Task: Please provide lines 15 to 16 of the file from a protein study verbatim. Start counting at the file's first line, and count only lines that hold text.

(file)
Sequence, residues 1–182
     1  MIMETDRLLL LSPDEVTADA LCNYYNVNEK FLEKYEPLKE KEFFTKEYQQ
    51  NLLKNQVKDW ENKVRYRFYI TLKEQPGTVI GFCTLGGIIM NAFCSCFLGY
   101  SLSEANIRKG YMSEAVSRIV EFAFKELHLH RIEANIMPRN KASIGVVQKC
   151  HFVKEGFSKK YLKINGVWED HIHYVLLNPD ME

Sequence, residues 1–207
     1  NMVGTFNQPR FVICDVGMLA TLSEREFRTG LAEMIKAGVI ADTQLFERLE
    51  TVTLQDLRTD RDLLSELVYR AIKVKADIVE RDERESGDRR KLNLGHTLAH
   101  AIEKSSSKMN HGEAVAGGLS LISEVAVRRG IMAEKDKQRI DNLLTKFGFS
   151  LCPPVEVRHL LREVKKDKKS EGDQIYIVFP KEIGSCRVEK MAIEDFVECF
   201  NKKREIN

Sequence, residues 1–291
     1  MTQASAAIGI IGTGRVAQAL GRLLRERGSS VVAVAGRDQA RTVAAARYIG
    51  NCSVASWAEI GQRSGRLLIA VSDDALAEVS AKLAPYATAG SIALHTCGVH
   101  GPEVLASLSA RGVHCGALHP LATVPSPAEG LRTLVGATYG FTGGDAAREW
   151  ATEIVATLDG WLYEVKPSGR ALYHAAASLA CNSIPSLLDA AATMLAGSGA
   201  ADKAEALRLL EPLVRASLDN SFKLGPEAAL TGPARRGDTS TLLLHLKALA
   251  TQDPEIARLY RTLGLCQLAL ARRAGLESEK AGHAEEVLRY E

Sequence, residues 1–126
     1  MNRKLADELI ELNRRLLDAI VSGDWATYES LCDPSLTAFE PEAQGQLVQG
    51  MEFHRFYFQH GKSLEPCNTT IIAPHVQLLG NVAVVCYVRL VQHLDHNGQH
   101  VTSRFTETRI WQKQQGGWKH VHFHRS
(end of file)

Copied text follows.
   101  GPEVLASLSA RGVHCGALHP LATVPSPAEG LRTLVGATYG FTGGDAAREW
   151  ATEIVATLDG WLYEVKPSGR ALYHAAASLA CNSIPSLLDA AATMLAGSGA